Fourteen members of Milken’s junior class traveled to Washington D.C. from October 3 through October 5 as part of the American Israel Public Affairs Committee’s (AIPAC) annual High School Summit, engaging in informative seminars emphasizing the importance of pro-Israel advocacy in today’s American youth.
“Through different lectures, we were presented chances to learn more about Israel and their position in the Middle East, along with why it is so important for Israel and the United States to remain friendly and allies,” Alexi Rosenfeld ’12, an AIPAC participant, said.
The students gained insight into the facts regarding the conflicts in the Middle East, particularly Israel’s role in the drama. By learning accurate information and how to spurn political falsities, the students were given the tools to form their own opinions.
Milken’s delegation enjoyed meeting up with alumni Joey Freeman ’09 and Sammy Schatz ’09, who are involved with Israel advocacy at UC Berkeley and Princeton respectively.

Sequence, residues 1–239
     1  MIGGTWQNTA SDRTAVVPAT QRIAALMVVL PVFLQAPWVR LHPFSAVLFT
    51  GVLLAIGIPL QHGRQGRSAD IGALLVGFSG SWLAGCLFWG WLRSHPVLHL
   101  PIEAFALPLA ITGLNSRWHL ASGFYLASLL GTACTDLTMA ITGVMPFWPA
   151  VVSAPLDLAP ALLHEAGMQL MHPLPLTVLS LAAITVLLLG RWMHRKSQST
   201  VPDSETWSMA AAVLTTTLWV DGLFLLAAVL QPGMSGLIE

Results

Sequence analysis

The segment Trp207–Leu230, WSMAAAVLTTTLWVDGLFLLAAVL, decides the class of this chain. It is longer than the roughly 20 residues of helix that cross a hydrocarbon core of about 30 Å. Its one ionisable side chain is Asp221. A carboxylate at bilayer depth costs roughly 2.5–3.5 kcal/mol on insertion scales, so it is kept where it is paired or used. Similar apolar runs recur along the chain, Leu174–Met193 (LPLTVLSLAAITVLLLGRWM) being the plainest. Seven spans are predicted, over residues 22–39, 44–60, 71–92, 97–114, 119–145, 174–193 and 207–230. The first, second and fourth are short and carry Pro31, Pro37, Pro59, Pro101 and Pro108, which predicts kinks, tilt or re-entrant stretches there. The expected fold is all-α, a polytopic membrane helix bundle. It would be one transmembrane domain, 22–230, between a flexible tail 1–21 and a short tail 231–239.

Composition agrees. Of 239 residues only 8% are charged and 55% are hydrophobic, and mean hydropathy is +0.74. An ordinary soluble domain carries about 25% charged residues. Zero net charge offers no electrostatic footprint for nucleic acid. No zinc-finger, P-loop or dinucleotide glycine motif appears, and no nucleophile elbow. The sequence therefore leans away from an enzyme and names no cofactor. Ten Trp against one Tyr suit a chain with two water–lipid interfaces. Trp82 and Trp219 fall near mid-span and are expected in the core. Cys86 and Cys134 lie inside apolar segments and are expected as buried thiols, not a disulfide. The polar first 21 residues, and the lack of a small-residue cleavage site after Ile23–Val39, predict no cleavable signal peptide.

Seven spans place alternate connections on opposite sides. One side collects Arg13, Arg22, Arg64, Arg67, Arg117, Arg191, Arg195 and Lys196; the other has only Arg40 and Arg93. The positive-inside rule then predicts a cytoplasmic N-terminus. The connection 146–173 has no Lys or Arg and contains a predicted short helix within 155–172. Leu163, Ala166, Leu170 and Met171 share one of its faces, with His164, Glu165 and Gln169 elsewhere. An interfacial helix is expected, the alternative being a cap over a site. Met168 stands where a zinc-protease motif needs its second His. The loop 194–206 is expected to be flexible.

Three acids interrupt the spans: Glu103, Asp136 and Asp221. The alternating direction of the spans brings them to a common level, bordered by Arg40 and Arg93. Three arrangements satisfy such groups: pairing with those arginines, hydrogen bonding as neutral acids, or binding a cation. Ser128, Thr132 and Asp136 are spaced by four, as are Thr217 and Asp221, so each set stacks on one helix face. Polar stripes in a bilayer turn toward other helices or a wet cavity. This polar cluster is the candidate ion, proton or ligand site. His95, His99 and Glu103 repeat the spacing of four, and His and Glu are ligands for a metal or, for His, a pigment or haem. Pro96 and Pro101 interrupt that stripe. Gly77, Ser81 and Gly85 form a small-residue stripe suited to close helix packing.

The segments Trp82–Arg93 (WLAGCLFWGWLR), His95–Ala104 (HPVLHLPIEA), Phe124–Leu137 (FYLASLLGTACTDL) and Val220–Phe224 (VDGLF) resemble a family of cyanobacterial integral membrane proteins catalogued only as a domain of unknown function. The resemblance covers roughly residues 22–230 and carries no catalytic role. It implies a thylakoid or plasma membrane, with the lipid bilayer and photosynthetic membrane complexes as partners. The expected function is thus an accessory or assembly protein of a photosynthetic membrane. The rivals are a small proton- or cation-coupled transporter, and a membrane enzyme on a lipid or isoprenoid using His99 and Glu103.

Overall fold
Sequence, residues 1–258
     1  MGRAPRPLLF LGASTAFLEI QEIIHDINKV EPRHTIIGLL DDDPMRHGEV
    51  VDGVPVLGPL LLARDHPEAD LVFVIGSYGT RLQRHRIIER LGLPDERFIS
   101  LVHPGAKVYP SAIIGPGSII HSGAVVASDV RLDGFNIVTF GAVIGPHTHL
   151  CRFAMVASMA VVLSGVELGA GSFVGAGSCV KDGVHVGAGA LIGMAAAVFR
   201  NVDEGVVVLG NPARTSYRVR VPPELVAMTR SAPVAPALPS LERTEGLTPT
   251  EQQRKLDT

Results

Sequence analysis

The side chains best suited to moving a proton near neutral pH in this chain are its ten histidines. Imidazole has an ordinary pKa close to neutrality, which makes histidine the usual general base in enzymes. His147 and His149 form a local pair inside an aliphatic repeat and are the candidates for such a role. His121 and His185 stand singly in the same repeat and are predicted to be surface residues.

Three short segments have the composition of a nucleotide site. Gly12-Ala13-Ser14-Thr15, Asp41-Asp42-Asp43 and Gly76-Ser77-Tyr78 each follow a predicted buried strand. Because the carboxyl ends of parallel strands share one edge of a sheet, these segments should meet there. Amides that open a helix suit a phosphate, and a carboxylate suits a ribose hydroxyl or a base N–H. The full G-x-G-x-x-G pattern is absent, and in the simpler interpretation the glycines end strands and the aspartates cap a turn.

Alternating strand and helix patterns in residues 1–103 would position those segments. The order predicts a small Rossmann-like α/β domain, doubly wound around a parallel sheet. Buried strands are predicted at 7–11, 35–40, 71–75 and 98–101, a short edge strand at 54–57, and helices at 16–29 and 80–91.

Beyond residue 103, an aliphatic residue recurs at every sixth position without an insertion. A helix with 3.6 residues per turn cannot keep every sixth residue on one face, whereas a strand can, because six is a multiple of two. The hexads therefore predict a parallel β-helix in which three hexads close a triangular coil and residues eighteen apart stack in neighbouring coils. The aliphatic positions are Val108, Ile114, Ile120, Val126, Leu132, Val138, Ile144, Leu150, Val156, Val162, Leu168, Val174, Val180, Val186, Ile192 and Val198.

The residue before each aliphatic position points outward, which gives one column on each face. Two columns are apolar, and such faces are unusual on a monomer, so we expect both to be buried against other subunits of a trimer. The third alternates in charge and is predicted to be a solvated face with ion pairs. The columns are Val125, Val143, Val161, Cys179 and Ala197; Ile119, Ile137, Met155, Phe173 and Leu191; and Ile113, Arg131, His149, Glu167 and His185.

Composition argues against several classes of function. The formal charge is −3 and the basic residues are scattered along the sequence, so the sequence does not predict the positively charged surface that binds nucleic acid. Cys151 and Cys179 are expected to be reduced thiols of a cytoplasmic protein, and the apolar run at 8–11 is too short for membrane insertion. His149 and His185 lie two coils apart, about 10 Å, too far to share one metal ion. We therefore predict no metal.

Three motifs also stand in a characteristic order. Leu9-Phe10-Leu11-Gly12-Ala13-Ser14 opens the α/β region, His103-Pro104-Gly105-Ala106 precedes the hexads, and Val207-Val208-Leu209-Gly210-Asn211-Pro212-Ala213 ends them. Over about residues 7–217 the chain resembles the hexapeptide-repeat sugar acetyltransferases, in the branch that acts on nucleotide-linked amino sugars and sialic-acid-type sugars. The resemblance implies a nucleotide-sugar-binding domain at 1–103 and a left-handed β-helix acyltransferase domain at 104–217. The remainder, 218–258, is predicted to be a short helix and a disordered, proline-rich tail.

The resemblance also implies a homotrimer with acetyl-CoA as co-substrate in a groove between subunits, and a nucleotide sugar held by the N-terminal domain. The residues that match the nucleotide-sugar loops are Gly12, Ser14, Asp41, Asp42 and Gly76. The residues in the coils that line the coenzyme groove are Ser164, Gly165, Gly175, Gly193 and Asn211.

“On AIPAC, we learned how to advocate for Israel to Congress,” Rosenfeld said. “We were taught how to lobby and educate congressmen in a clear and concise way.”
Milken’s delegation had the opportunity to put their newfound skills into action in a meeting with Zahava Goldman, Congressman Henry Waxman’s legislative aide.
“The issues we discussed [with Goldman] were the sanctions of Iran, the three billion dollars in foreign aid, and urging Obama to have Abas continue peace talks with Netanyahu,” Lizzie Heyman ’12, another AIPAC participant, said.
Despite the intense round of conferences, the students had a chance to kick back and let loose with cover band Kristen and the Noise.
“We sang all of our favorite songs, danced on stage, and had an amazing time,” Heyman said.
Overall, the students found the experience to be highly rewarding, and are eagerly looking forward to integrating pro-Israel advocacy into Milken’s campus life.
“On the Summit, we learned how to combat anti-Semitic and anti-Israel sentiments on campus,” Celina Friedman ’12 said. “Despite our young age, we can still advocate and make a difference in our high school and college careers.”